State Library Victoria > La Trobe Journal

No 4 October 1969


The Verse of John Cotton

John Cotton, artist, naturalist and writer, was born on 17 December 1801 at Balham Hill, Clapham Common, England. He was brought up to love and appreciate paintings, books and music, an environment to which he readily responded. All his life he was to record, with brush and pen and in letters and verse, his thoughts and the events and things which touched his life.
He studied law, but it was in the fields of art and natural history, mainly ornithology, that his real interests lay, and in 1835–6 he published exquisitely illustrated books on British birds. (Another work, Beautiful Birds: their Natural History, was published in England after his death.)
He emigrated to Port Phillip in 1843 with his wife and nine children. His tenth child, a daughter, was born here. Shortly after his arrival he took over ‘Doogallook’, a grazing property of some 26,800 acres on the Goulburn River, and although he subsequently acquired other lands, it was here that he built his home. The six years of life left to him were spent as a pastoralist, and during that time he constantly illustrated or wrote of the scene around him. It was from ‘Doogallook’ that he sent home to England to be published the poems mentioned in this paper. His death on 14 December 1849 cut short a life with many plans unfinished.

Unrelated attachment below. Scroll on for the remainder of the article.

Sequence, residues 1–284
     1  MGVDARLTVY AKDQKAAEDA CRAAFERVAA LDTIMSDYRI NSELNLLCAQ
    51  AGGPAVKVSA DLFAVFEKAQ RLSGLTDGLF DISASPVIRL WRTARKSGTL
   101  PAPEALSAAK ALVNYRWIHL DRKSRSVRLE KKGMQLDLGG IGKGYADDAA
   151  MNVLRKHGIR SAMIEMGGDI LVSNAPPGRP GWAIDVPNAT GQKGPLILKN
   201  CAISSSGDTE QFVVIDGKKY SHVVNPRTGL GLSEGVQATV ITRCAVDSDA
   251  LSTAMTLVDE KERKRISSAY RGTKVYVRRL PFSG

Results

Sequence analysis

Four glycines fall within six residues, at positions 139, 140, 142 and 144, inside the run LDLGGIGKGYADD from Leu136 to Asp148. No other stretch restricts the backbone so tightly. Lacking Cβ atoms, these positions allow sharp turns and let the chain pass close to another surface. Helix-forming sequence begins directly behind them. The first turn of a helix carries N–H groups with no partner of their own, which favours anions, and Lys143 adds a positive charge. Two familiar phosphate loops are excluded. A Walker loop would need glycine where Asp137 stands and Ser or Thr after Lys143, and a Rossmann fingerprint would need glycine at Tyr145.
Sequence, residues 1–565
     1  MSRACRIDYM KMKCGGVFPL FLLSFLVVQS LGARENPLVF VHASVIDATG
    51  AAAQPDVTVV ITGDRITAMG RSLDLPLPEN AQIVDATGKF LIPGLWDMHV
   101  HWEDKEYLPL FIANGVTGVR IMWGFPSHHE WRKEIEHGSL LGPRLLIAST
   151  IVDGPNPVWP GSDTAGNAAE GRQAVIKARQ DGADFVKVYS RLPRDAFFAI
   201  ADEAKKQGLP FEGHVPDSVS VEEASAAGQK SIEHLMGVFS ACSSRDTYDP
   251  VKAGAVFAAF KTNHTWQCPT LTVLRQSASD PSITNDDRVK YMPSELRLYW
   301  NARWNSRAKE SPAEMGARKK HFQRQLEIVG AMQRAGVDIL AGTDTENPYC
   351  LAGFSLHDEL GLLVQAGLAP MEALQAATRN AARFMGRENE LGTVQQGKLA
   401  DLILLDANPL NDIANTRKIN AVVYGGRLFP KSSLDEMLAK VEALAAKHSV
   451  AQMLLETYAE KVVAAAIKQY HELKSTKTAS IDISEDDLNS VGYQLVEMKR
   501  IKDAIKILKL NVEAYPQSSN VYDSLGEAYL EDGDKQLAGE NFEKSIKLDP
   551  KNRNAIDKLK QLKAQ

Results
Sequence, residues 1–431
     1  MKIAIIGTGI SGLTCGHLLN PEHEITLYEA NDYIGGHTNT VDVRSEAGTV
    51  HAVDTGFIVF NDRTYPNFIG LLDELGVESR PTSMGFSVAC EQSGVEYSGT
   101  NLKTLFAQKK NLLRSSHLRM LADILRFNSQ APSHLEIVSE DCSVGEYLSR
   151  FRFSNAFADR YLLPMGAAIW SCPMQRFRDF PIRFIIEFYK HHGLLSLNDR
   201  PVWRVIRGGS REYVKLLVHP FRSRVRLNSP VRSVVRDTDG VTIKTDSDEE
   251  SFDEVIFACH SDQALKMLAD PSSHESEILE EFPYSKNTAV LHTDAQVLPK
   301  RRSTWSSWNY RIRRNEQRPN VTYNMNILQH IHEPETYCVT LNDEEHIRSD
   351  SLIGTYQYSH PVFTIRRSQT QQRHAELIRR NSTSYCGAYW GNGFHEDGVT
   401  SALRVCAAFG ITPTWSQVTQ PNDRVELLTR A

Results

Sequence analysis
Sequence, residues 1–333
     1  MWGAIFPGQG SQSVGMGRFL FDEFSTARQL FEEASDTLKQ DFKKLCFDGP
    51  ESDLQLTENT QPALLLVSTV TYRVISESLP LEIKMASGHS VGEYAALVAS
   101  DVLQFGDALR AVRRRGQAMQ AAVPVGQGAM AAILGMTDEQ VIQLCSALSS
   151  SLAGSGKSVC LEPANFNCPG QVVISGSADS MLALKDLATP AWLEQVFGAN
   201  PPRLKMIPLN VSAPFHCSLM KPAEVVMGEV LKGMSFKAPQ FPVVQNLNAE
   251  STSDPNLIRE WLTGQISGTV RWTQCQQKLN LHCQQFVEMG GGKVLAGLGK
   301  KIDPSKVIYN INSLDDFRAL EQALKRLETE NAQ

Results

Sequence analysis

There are now two known volumes of poems by John Cotton.
Journal of a Voyage in the Barque Parkfield … in the Year 1843, Printed by Samuel Bentley and Co. Bangor House, Shoe Lane London, 1845. 48 pages.
Colophon: page 48. London: Printed by S. & J. Bentley, Wilson, and Fley, Bangor House Shoe Lane.
Several years later Cotton issued a further twelve pages, carrying on the pagination so that both sections could be bound together to complete the volume. These last twelve pages were published in 1847 or 1848. The 48 page copy contains the poetical ‘Journal’, nine sonnets and several other poems. Pages 49–60 carry a further sixteen sonnets and a poem, ‘Lines Composed upon the Ocean’. The La Trobe Library holds both a 48 page and a 60 page copy.
Rhymes of my Leisure; or Attempts at Versification. By a Squatter of Australia Felix. Printed by S. and J. Bentley, Wilson, and Fley, Bangor House, Shoe Lane, London, 1847. 70 pages. 4½ in. × 7 in.
This work, bound together with the 60 page copy of Journal of a Voyage … was carefully studied by the present author, and although the style and references to names, places, events and birds left little doubt that the poems were by John Cotton, positive proof was provided in The Leisured Connoisseur: William Cotton of Ivybridge by G. Hamilton-Edwards. It contains poems and sonnets tied up with memories of England and impressions gathered in a new land.
This paper is concerned firstly with showing that the complete Journal of a Voyage … was published in two parts at quite separate times, and secondly with providing evidence that Rhymes of my Leisure … is the work of John Cotton.

Journal of a Voyage …